Three Indian inventors have filed a US patent application disclosing the use of a pre-existing scarlet red stain of cosmetic use, called alta, for staining sodium dodecyl sulfate polyacrylamide gels and nitrocellulose membranes in Western blot analysis. This analysis, which is the definitive test for bovine spongiform encephalopathy, detects proteins in a tissue extract or homogenate. The stain requires only a 10% solution of alta and is reportedly easy to use and inexpensive.
This use as a protein stain is a new use for alta, traditionally made of twigs, berries, barks or flowers and used by women in north and northeastern parts of India to decorate their feet and palms, usually in various shades of red. But the color red has a long tradition in Indian color cosmetics, particularly as a stain or mark of a woman’s marital status.
Sindoor, mehndi and kumkum are all examples of the use of the color red in Indian cosmetics for the Hindu wedding ceremony, especially in the tradition of the Gujaratis living in the northwestern part of the Indian subcontinent. Hinduism is the most popular religion in India, practiced by more than 80% of India’s 1.1 billion people, which is one-sixth of the world’s population. Even the wedding gown traditionally has been red in northern India.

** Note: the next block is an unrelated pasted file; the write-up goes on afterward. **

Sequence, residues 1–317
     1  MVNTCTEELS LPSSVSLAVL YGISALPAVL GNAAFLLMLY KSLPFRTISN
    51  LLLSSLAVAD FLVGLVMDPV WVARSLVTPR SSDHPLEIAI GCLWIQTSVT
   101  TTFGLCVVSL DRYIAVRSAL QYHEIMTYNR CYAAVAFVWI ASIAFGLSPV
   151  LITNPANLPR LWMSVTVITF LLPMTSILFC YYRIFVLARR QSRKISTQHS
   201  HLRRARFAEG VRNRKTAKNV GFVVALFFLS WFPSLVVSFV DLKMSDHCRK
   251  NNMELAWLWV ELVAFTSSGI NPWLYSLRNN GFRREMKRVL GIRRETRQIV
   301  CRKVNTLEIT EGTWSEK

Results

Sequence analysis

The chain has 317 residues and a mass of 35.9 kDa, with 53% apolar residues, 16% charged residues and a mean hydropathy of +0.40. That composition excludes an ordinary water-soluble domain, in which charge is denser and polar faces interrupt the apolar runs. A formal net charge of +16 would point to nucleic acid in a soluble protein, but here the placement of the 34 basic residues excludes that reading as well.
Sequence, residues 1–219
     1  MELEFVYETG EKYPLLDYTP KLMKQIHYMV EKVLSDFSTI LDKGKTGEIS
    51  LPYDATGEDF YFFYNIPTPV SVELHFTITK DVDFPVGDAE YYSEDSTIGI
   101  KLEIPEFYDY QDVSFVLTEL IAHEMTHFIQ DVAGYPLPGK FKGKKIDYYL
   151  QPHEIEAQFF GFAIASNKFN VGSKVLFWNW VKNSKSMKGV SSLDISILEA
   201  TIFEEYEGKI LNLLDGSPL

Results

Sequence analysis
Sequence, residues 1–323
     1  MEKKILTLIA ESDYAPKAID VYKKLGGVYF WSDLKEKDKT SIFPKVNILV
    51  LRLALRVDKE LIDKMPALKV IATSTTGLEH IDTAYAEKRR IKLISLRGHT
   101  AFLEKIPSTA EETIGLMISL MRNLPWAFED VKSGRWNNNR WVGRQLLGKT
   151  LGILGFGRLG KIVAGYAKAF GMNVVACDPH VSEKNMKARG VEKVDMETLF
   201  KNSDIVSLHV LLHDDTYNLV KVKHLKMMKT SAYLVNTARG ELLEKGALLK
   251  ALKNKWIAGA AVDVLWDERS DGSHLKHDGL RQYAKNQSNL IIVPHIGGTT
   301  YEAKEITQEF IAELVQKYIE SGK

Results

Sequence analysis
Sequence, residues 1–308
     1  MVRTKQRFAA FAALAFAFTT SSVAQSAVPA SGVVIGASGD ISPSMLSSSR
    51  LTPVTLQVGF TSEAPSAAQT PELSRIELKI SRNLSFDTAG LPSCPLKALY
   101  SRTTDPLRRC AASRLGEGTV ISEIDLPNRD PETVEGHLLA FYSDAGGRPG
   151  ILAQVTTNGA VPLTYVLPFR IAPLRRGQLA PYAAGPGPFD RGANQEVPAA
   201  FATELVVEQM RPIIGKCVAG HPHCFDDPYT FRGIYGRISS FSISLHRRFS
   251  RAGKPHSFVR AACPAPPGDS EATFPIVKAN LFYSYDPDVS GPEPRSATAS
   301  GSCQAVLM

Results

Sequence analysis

Why red? The Indian people view red as a good omen, an attitude shared by their neighbors, the Chinese. But perhaps the explanation for the Indians lies deeper in the spirituality of the Hindus at the level of the chakras. A chakra is any of the seven body centers believed by Hindus to be sources of energy for psychic and spiritual power.
The base or root chakra, also called the muladhara, is related to security, survival and also to basic human potentiality. One online source explains that this center is located in the region between the genitals and the anus. The muladhara is said to relate to the inner adrenal glands, the adrenal medulla, responsible for the fight and flight response when survival is under threat. In this region is located a muscle that controls ejaculation in the sexual act. A parallel is drawn between the sperm cell and the ovum, where the genetic code lies coiled. Red is the color associated with the muladhara. It seems reasonable that the association between red and fertility and preservation of the species would be auspicious for a wedding.
Excerpt Only This is a shortened version or summary of the article that appeared in the December 2007 issue of Cosmetics & Toiletries magazine. If you would like a copy of the complete article, please contact us at firstname.lastname@example.org.